Holding on to faith and determination, Kellman went after jobs that some pilots refused to take.

“I was going after jobs that weren’t the most glamorous . . . . I did a chartered job that kept me on duty always; there never was a time when I wasn’t on duty with this company. They called me throughout the night and wanted me to be at the airport within 20 minutes of them calling me and ready
to fly almost immediately. I also took jobs where the airplanes weren’t in the best condition but I did what I had to do.”

Proud to say that he beat the odds, Kellman is the first of two Barbadian pilots currently working with JetBlue. He has been there since 2007 and has never regretted a moment in the air.

“I experience the best feeling when I am leaving the airplane, walking out of the airport and I see families greeting each other. I say to myself, ‘wow, you had something to do with that’. And then, obviously, for every pilot, we feel good when we have a nice landing because that’s very rewarding. I really love what I do,” said the satisfied pilot who resides in Brooklyn, New York with his wife Lisette.

He was born to Barbadian parents Margaret and Ophneal Kellman Snr. – two immigrants living in New York who sacrificed their last, at times, to ensure his needs and those of his sister were met and their educational goals achieved.

“They had a really hard time and through hard work they were able to put me through school. Actually, my parents went without a lot so that I wouldn’t feel the pinch. They put me through school and did a lot of things that most people wouldn’t even want to do,” he told Barbados TODAY.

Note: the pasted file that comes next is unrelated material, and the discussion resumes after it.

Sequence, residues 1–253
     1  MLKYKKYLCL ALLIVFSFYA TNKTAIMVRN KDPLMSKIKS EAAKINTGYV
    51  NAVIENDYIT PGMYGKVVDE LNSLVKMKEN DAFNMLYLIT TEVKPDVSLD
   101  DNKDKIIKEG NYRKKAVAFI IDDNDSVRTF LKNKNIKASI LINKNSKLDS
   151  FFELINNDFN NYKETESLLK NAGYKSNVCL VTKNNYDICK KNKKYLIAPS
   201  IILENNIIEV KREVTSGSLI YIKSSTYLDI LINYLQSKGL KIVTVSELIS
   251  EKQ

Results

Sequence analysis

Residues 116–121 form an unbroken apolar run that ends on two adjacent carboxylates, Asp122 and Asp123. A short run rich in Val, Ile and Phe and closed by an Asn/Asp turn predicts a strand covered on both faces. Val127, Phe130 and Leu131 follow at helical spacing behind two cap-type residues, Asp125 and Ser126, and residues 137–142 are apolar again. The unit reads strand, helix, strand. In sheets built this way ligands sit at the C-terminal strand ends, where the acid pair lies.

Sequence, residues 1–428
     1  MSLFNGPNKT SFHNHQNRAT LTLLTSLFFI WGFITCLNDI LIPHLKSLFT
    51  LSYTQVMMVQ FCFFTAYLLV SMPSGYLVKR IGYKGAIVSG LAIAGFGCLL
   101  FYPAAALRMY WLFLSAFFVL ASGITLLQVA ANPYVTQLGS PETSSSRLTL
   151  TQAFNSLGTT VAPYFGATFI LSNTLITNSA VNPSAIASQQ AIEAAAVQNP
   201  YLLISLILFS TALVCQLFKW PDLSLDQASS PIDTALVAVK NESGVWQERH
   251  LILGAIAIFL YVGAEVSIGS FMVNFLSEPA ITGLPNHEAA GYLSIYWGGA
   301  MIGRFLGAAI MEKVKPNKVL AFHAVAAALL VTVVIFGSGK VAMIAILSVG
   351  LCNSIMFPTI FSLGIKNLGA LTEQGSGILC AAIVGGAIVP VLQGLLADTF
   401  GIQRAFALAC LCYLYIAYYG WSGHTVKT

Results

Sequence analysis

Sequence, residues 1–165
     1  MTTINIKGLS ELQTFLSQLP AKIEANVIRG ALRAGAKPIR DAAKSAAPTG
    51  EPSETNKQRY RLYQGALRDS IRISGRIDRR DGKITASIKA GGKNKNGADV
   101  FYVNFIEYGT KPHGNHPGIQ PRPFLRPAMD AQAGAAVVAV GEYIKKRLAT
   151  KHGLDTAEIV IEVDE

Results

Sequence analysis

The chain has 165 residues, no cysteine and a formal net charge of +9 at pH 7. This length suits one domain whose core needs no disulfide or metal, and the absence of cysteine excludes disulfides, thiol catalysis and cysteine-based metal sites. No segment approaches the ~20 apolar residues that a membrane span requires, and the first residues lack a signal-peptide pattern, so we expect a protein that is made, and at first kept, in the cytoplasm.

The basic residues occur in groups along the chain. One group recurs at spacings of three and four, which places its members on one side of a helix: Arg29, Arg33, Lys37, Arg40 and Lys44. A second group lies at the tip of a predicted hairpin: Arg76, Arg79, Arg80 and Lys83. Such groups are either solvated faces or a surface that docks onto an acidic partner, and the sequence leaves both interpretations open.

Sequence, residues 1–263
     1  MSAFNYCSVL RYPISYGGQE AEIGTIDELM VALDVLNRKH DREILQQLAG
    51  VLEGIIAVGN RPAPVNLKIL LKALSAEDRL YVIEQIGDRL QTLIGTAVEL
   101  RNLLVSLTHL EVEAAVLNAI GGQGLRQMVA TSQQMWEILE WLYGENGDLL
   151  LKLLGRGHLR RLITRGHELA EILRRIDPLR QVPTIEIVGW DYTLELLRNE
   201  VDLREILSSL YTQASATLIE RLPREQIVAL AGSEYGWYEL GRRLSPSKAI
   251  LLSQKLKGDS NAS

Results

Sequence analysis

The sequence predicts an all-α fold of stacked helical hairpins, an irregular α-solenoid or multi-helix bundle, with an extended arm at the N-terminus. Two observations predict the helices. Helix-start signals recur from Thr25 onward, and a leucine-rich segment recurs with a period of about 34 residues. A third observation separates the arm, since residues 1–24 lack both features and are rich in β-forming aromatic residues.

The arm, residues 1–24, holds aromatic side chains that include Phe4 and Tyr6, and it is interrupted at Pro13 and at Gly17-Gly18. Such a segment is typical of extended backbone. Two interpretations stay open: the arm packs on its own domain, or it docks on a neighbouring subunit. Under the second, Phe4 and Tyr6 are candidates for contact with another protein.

And whenever the pilot has more than three days off duty, he is in Barbados to spend precious moments with family.

First Barbadian Jet Blue pilot Captain Ophneal Kellman (centre) with his family and friends shortly after landing at the Grantley Adams International Airport yesterday.

First Barbadian Jet Blue pilot Captain Ophneal Kellman (centre) with his family and friends shortly after landing at the Grantley Adams International Airport yesterday.

“And the sun and sea too,” Kellman added with a laugh.

“The truth is, Barbados is home away from home for me because this is where all my family is and my parents live here. When I come here I am around family but when I am in New York I am just around my sister and a few cousins. I am always in Barbados and I am always enjoying it. Barbados is home away from home.”


win a honda

ALSO If you sign up for Barbados Today before independence you could WIN a 2014 Honda City! Go here for full details

4 Responses to Flying high

  1. Dave Payne
    Dave Payne October 9, 2014 at 7:03 am

    Well done.

  2. Jack O
    Jack O'neal October 9, 2014 at 7:13 am

    Well done sir, enjoyed reading this article.

  3. Sharon Antionette Broomes
    Sharon Antionette Broomes October 9, 2014 at 10:26 am


  4. Judy Boyce October 11, 2014 at 1:39 am

    Great Job, you have no idea how excited I was for you!!!!


Leave a Reply

Your email address will not be published. Required fields are marked *